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    ABSTRACT: Non-technical summary In mammalian skeletal muscle, the coupling between action potential activation and contraction is supposed to be ultimately mediated by the interaction of two ion channels, the L-type calcium channel (so-called dihydropyridine receptor channel) at the transverse tubular system, and the sarcoplasmic reticulum (SR) calcium release channel (so-called ryanodine receptor channel). This paper demonstrates that adult skeletal muscle fibres transfected in vivo with DNA plasmids are able to express functional transgenic dihydropyridine receptor channels. More importantly, the data suggest that transgenic dihydropyridine receptor channels replace native channels in their interaction with SR calcium release channels. Our findings open new avenues for structural and functional studies of the molecular interactions underlying excitation–contraction coupling within the physiologically relevant cellular context of adult mammalian skeletal muscle fibres. Abstract We investigated the effects of the overexpression of two enhanced green fluorescent protein (EGFP)-tagged α1sDHPR variants on Ca2+ currents (ICa), charge movements (Q) and SR Ca2+ release of muscle fibres isolated from adult mice. Flexor digitorum brevis (FDB) muscles were transfected by in vivo electroporation with plasmids encoding for EGFP-α1sDHPR-wt and EGFP-α1sDHPR-T935Y (an isradipine-insensitive mutant). Two-photon laser scanning microscopy (TPLSM) was used to study the subcellular localization of transgenic proteins, while ICa, Q and Ca2+ release were studied electrophysiologically and optically under voltage-clamp conditions. TPLSM images demonstrated that most of the transgenic α1sDHPR was correctly targeted to the transverse tubular system (TTS). Immunoblotting analysis of crude extracts of transfected fibres demonstrated the synthesis of bona fide transgenic EGFP-α1sDHPR-wt in quantities comparable to that of native α1sDHPR. Though expression of both transgenic variants of the alpha subunit of the dihydropyridine receptor (α1sDHPR) resulted in ∼50% increase in Q, they surprisingly had no effect on the maximal Ca2+ conductance (gCa) nor the SR Ca2+ release. Nonetheless, fibres expressing EGFP-α1sDHPR-T935Y exhibited up to 70% isradipine-insensitive ICa (ICa-ins) with a right-shifted voltage dependence compared to that in control fibres. Interestingly, Q and SR Ca2+ release also displayed right-shifted voltage dependence in fibres expressing EGFP-α1sDHPR-T935Y. In contrast, the midpoints of the voltage dependence of gCa, Q and Ca2+ release were not different from those in control fibres and in fibres expressing EGFP-α1sDHPR-wt. Overall, our results suggest that transgenic α1sDHPRs are correctly trafficked and inserted in the TTS membrane, and that a substantial fraction of them works as conductive Ca2+ channels capable of physiologically controlling the release of Ca2+ from the SR. A plausible corollary of this work is that the expression of transgenic variants of the α1sDHPR leads to the replacement of native channels interacting with the ryanodine receptor 1 (RyR1), thus demonstrating the feasibility of molecular remodelling of the triads in adult skeletal muscle fibres.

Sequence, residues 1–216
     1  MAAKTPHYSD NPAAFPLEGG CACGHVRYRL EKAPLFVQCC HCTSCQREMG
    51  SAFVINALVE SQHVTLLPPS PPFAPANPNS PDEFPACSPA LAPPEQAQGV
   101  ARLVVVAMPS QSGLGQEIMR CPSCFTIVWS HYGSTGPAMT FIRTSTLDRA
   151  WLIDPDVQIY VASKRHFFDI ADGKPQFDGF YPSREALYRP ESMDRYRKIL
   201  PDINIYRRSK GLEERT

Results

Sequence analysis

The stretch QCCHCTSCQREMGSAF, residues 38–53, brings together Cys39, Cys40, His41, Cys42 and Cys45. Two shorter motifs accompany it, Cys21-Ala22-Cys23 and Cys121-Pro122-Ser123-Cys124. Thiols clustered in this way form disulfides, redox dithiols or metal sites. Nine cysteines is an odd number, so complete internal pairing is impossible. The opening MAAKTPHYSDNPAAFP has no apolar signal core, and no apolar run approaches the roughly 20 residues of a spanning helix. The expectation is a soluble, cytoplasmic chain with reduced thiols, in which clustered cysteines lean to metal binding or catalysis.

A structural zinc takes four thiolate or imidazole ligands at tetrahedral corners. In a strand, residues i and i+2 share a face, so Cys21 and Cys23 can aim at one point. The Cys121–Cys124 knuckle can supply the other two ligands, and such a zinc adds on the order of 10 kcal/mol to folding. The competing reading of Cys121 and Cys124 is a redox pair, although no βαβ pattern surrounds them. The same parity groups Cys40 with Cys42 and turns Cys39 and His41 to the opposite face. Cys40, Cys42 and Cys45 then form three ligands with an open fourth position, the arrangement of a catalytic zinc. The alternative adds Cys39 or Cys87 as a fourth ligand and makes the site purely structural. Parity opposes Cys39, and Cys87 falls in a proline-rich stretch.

Full-text · Article · Mar 2011 · The Journal of Physiology
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    • "Indeed, longitudinal tubules also form part of this membrane system. These structures were originally observed by the Italian microscopist E. Veratti at the beginning of the 20th century homeostasis (Almers et al. 1981; Friedrich et al. 2001; Launikonis & Ríos, 2007) and during trafficking of molecules such as insulin and lactate into or out of the cell (Lännergren et al. 1999, 2000; Shorten et al. 2007). The transverse tubules provide the direct link between the extracellular space and the interior of the cell. "